News from the DNR Office of Communications

Oyster Season Closed, Poaching Continues

Annapolis, Md. – The Maryland Natural Resources Police (NRP) charged a waterman April 28 with poaching oysters after the March 31 close of the season.


Ben Harrison Marshall, 34 of Newcomb, Md., was charged with taking oysters during closed season and operating a power dredge in an area reserved for hand tongs.


On April 28, an NRP officer observed a commercial work boat power dredging for oysters in the Ted Avon River, near the Bellevue Public Landing in Talbot County. The officer made contact with the vessel operator when it came to shore at the Bellevue Ferry dock.


When Marshall was question by the officer, he stated that he had been perch fishing, although no fish or fishing poles were found on the vessel. Upon inspection, the officer found five and half bushels of oysters hidden in the cabin of the boat. The oysters were covered by clothing in an attempt to conceal them.


Marshall’s charges carry a prepayable fine of $320 for operating a power dredge in an area reserved for handtongs and $125 for taking oysters for commercial purposes during closed season. Marshall is set to appear June 17 in Talbot County District Court.


NRP reminds to Marylanders to report suspicious activity to the statewide Communication Center at 800-628-9944 or 410-260-8888.


   April 30, 2010

Contact: Sgt. A.A. Windemuth
410-260-8003 office | 410-713-8449 cell
awindemuth@dnr.state.md.us

The Maryland Natural Resources Police is the enforcement arm of the Department of Natural Resources (DNR). With an authorized strength of 247 officers and a dedicated staff of civilian and volunteer personnel, the NRP provide a variety of services in addition to conservation and boating law enforcement duties throughout the State of Maryland. These services include homeland security, search and rescue, emergency medical services, education, information and communications services on a round the clock basis. NRP is the only police force aside from the Maryland State Police that has statewide jurisdiction.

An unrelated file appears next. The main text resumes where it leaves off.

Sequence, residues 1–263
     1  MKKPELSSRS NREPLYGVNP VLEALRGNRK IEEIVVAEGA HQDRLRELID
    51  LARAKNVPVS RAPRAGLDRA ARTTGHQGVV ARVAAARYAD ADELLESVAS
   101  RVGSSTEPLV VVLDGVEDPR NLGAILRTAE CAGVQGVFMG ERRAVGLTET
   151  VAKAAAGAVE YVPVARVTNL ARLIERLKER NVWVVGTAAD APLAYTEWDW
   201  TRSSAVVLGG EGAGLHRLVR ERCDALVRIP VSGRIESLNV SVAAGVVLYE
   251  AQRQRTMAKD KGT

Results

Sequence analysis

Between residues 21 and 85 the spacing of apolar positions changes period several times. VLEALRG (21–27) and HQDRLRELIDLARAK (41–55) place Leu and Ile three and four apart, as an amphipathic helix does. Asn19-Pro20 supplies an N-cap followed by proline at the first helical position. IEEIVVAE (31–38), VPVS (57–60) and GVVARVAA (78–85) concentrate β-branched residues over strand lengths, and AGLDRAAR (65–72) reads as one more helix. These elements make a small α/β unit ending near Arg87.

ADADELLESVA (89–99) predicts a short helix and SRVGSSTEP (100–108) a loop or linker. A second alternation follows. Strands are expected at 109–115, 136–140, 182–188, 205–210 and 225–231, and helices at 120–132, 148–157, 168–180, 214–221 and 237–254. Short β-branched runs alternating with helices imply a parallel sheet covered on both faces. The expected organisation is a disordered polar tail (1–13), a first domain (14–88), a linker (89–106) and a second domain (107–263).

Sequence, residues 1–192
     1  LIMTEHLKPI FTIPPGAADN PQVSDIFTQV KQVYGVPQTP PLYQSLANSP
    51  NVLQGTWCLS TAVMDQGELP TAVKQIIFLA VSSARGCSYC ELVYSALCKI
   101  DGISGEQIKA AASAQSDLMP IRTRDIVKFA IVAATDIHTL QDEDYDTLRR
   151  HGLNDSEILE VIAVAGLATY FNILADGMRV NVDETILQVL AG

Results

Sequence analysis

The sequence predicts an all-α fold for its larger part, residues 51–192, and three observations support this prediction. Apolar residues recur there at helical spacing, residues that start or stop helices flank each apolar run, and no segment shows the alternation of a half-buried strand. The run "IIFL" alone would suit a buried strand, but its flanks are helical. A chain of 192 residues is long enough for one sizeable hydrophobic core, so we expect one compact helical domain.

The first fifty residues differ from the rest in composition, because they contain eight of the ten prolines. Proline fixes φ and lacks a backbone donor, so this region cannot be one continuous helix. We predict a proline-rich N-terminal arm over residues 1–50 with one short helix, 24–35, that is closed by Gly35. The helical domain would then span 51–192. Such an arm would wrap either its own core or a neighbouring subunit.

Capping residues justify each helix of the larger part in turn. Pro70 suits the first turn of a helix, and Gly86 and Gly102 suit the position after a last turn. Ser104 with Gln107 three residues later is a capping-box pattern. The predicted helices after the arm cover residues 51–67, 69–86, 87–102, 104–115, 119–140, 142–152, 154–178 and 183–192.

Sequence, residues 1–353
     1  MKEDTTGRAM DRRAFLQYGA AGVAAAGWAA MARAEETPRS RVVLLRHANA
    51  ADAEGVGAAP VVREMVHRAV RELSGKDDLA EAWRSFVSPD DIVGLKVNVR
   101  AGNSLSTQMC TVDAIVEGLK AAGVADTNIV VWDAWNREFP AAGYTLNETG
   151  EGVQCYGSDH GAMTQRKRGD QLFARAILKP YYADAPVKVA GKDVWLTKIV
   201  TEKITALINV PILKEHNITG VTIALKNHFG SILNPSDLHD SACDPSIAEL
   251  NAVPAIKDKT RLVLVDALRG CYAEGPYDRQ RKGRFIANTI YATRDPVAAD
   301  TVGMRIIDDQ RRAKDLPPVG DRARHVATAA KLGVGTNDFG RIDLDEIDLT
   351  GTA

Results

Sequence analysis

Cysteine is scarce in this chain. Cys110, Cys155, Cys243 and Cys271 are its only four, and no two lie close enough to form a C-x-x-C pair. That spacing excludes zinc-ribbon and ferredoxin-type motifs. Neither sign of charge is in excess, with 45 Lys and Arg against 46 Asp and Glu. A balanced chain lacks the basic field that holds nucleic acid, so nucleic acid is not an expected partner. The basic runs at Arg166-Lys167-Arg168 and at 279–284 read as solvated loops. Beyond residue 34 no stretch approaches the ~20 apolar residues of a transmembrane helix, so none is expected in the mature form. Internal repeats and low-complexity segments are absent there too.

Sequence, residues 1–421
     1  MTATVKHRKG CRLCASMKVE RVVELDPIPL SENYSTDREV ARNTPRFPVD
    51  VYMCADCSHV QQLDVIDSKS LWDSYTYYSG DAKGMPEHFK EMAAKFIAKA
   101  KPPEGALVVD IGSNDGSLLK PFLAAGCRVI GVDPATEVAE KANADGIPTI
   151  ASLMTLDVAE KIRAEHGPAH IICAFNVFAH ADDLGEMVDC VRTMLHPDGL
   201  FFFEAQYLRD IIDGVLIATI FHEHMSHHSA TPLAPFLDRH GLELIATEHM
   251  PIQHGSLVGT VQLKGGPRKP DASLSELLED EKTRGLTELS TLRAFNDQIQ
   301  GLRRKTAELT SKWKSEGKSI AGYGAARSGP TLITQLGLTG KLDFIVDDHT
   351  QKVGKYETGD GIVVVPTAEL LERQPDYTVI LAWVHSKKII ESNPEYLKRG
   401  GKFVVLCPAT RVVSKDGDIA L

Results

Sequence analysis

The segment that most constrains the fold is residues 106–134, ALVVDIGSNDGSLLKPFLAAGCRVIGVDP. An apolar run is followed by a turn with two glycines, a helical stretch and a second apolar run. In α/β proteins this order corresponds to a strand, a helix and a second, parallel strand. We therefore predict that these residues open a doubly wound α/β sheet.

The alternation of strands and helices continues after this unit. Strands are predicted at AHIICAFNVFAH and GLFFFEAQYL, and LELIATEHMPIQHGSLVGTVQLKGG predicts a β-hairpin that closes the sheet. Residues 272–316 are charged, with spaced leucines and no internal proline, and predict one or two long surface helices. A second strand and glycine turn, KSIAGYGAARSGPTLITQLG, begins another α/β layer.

The Maryland Department of Natural Resources (DNR), which is celebrating its 40th anniversary this year, is the state agency responsible for providing natural and living resource-related services to citizens and visitors. DNR manages more than 461,000 acres of public lands and 17,000 miles of waterways, along with Maryland's forests, fisheries, and wildlife for maximum environmental, economic and quality of life benefits. A national leader in land conservation, DNR-managed parks and natural, historic, and cultural resources attract 12 million visitors annually. DNR is the lead agency in Maryland's effort to restore the Chesapeake Bay, the state's number one environmental priority. Learn more at www.dnr.maryland.gov